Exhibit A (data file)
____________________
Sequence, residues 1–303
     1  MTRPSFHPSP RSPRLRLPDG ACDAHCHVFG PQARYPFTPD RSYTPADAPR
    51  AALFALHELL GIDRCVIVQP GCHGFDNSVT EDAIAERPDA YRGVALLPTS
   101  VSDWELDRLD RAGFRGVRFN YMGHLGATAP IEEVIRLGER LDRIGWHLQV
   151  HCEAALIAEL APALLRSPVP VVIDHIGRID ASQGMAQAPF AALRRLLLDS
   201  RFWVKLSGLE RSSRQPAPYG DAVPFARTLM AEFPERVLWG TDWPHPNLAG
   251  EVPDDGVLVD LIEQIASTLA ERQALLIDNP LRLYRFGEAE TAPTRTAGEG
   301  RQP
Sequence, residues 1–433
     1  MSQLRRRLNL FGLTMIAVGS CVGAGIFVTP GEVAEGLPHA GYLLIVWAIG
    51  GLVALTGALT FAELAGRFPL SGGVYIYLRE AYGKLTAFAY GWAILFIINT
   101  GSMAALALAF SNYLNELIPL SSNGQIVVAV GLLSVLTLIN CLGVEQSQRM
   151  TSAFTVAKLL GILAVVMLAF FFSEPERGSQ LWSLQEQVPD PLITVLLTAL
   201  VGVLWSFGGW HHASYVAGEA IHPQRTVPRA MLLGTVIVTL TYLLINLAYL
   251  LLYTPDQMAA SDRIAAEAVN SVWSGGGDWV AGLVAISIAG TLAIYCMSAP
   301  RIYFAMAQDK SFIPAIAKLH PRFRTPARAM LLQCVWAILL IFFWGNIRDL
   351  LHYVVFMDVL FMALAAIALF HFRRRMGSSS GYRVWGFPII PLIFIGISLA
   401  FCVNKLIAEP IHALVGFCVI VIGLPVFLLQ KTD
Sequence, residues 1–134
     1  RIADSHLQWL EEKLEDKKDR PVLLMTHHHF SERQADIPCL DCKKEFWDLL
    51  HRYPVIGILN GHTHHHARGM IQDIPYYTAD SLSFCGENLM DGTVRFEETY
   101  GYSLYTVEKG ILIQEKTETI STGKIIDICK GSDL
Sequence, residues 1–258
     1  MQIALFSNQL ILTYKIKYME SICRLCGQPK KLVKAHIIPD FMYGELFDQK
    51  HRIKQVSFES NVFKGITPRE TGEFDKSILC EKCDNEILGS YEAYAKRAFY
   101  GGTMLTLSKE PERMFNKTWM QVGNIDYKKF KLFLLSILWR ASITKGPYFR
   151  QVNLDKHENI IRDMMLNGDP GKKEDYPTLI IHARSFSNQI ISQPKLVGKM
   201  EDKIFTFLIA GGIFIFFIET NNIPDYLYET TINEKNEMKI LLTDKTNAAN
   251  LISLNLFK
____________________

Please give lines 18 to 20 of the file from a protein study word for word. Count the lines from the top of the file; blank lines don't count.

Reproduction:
   401  FCVNKLIAEP IHALVGFCVI VIGLPVFLLQ KTD
Sequence, residues 1–134
     1  RIADSHLQWL EEKLEDKKDR PVLLMTHHHF SERQADIPCL DCKKEFWDLL